Pressure washing concrete

by jared

So, you want to pressure wash some concrete. Must be easy right? After all, it is only concrete and how tough can it be to screw that up right?

Before you start power washing any concrete, there are a few techniques and things you will want to keep in mind. We’ll start out with what type of tip you’ll need to be using the get the best results out of pressure washing your concrete.

Nozzles

In case you’re not familiar with the different tip sizes, there are tip sizes for basically every washing job you could think about performing. The tips change the angle of water as it comes out of the end of the pressure-washing nozzle at the end of the wand.

For concrete, the best nozzle is probably the 15 degree. It is the least amount of fan next to the straight stream. Rarely do I use a straight stream for anything, except maybe knocking down wasp nests from far away.

Be careful when you start spraying and pay close attention to the area your hitting with the high pressure washer. Many times, there will be a slight crack in the concrete which if hit just right with the pressure washer, can turn into a big crack in a hurry.  Always start with the spray pointed away from the spraying service and move it into place after you’ve started the spay with the trigger pulled.

Detergents

I can be sort of lazy, so I really like the detergents that come in the dissolvable packets. I use the Green dissolvable packets from Home Depot. They smell really nice and work fairly well at cutting through grease. You can also come up with your own home made detergent. Depending on what you’re trying to get off the concrete will determine what the of detergent you want, if any. Most often, the concrete I’m power washing is simply my garage and driveway. I love clearing out my garage and going to town with the pressure washer. And for this, the simple soap type of detergent works fine. Leaves the garage smelling good also.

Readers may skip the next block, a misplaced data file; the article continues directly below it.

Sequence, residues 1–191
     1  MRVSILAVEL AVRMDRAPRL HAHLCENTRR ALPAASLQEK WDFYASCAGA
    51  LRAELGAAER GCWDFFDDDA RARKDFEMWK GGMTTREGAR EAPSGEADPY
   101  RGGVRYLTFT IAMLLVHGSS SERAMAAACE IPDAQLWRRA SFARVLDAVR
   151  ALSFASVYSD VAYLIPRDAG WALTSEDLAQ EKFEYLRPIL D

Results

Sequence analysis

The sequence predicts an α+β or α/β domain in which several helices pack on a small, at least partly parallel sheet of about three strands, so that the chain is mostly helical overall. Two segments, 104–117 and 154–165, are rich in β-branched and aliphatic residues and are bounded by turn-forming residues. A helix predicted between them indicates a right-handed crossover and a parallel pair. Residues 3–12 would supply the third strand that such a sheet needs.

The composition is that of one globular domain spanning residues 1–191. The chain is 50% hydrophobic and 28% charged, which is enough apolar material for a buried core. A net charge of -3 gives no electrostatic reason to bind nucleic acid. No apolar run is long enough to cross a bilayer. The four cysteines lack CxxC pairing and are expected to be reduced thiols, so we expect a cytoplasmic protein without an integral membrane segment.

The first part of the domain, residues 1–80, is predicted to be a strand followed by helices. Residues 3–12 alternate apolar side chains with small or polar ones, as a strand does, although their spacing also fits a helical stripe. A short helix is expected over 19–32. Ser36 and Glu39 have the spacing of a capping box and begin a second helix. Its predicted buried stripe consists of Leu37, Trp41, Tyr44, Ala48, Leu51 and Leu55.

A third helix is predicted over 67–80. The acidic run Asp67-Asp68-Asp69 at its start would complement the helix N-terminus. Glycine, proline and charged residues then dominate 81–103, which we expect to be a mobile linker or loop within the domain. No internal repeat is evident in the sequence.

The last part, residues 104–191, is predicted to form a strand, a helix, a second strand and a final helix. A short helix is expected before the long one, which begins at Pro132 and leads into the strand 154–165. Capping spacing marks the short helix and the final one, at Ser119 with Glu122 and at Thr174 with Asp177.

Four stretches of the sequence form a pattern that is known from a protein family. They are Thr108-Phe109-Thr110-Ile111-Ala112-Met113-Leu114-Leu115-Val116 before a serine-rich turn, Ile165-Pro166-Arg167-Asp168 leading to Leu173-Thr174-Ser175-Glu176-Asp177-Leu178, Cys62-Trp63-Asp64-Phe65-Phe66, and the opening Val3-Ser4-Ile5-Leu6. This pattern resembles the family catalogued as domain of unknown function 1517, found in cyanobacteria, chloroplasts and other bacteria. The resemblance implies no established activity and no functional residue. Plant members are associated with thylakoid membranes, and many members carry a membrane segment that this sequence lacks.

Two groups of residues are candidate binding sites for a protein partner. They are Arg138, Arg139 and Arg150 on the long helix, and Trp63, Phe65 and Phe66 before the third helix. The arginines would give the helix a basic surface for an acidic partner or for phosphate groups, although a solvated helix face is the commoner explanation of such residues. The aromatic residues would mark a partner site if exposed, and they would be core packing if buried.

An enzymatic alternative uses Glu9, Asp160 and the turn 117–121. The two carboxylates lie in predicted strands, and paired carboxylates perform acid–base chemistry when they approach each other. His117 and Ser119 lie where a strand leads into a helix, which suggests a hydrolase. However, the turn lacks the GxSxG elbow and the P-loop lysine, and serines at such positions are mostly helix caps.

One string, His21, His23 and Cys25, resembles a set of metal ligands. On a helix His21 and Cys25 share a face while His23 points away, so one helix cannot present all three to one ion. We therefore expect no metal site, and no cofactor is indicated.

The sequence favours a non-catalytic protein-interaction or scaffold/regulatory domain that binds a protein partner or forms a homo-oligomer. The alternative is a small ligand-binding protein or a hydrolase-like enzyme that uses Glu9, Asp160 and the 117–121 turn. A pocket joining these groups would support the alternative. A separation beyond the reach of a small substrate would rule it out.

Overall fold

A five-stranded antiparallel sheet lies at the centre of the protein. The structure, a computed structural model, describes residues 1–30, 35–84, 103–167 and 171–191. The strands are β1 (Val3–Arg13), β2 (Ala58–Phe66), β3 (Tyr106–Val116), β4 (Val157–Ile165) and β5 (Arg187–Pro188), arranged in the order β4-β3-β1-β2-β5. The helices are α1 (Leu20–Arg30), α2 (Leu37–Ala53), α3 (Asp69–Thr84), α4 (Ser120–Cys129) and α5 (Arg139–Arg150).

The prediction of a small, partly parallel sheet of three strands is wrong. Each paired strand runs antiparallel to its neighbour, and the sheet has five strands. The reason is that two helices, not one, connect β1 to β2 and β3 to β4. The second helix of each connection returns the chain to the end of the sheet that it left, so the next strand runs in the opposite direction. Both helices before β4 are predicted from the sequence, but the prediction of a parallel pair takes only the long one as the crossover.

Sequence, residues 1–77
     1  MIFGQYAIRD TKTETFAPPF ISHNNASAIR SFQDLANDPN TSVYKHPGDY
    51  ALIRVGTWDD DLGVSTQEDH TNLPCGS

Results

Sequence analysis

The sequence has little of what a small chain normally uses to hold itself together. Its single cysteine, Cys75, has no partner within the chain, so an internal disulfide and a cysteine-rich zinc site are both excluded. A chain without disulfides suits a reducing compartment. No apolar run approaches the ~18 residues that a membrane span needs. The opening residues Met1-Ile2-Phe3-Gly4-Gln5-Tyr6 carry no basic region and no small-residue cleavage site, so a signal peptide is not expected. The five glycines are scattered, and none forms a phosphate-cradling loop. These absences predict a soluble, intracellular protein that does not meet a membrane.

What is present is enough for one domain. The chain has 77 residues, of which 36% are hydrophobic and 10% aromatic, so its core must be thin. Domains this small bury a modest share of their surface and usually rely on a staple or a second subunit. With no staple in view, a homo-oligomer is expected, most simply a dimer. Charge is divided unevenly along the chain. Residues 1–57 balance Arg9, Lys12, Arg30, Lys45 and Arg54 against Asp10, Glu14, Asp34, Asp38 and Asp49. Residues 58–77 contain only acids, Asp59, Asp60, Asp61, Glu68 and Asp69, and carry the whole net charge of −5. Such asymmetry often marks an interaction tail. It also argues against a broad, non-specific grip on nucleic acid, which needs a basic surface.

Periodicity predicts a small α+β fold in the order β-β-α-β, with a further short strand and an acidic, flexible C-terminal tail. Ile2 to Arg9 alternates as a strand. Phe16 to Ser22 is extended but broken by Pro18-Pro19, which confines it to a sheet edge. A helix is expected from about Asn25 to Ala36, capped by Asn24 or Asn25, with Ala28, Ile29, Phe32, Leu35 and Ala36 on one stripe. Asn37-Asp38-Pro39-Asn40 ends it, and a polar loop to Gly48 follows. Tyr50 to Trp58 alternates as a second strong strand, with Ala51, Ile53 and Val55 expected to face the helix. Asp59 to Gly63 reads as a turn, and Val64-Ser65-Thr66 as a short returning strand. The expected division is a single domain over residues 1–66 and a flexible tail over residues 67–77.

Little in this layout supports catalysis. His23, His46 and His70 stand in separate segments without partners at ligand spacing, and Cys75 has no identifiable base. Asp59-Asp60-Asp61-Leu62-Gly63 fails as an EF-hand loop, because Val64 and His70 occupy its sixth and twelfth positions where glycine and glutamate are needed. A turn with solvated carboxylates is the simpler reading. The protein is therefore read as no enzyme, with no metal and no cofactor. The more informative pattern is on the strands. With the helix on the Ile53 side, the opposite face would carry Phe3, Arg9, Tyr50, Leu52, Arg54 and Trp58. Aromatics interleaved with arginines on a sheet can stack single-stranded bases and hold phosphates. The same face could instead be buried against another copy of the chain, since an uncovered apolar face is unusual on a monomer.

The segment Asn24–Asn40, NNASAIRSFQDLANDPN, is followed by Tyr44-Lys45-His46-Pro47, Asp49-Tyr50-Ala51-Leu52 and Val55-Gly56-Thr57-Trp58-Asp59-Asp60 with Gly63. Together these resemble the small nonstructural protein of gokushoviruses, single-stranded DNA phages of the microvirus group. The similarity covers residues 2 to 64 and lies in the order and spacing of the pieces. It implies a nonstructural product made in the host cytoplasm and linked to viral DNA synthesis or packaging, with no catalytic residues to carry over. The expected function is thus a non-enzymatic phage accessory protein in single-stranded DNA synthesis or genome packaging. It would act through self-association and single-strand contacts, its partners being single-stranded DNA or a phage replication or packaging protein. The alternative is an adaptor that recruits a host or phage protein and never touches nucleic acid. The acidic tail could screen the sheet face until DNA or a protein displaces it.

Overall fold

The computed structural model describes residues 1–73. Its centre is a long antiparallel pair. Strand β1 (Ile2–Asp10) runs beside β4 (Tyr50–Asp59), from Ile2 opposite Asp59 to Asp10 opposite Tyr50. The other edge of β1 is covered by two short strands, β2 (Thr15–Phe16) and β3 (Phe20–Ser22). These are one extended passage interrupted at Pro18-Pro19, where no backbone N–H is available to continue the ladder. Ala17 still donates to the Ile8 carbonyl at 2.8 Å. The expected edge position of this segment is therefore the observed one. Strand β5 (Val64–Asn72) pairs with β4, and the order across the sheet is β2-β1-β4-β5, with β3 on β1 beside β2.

One thing to think about when pressure washing concrete, is that hot water washers work the best. Although they can be a bit more expensive, even to rent, they will cut through the grease a lot better than cold water. Think about the elements that need to be present when washing and how they all work together, heat, pressure, and chemical.

If the concrete or masonry you intend on washing is full of cracks and falling apart, you may want to think twice before going at it with a pressure washer. Unless this is part of your demo process. If you do really need to clean it, try using at least a 40 degree tip which will put less pressure on the concrete surface.

Always start on a little spot to see what effect your washing is having. I generally like to clean a small spot about the size of a basketball then let it dry for 10 or 15 minutes to make sure it's not damaging the surface. This is especially if you're washing concrete with seams or things like floor tiles.

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